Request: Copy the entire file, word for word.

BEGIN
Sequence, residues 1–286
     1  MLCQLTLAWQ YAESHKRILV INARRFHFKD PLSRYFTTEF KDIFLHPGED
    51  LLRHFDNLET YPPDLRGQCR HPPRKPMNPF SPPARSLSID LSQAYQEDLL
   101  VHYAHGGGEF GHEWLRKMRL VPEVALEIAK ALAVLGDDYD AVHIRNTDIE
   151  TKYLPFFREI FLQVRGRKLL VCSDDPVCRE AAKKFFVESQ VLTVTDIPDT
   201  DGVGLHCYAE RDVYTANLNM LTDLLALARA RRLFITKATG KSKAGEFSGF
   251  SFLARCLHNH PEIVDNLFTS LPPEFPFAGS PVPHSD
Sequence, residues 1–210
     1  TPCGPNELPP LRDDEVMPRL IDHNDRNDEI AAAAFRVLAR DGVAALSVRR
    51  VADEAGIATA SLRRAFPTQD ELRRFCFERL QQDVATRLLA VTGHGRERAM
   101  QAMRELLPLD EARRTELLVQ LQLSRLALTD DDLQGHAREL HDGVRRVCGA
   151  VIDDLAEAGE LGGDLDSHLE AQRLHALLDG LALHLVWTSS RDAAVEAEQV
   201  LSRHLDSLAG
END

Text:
Sequence, residues 1–286
     1  MLCQLTLAWQ YAESHKRILV INARRFHFKD PLSRYFTTEF KDIFLHPGED
    51  LLRHFDNLET YPPDLRGQCR HPPRKPMNPF SPPARSLSID LSQAYQEDLL
   101  VHYAHGGGEF GHEWLRKMRL VPEVALEIAK ALAVLGDDYD AVHIRNTDIE
   151  TKYLPFFREI FLQVRGRKLL VCSDDPVCRE AAKKFFVESQ VLTVTDIPDT
   201  DGVGLHCYAE RDVYTANLNM LTDLLALARA RRLFITKATG KSKAGEFSGF
   251  SFLARCLHNH PEIVDNLFTS LPPEFPFAGS PVPHSD
Sequence, residues 1–210
     1  TPCGPNELPP LRDDEVMPRL IDHNDRNDEI AAAAFRVLAR DGVAALSVRR
    51  VADEAGIATA SLRRAFPTQD ELRRFCFERL QQDVATRLLA VTGHGRERAM
   101  QAMRELLPLD EARRTELLVQ LQLSRLALTD DDLQGHAREL HDGVRRVCGA
   151  VIDDLAEAGE LGGDLDSHLE AQRLHALLDG LALHLVWTSS RDAAVEAEQV
   201  LSRHLDSLAG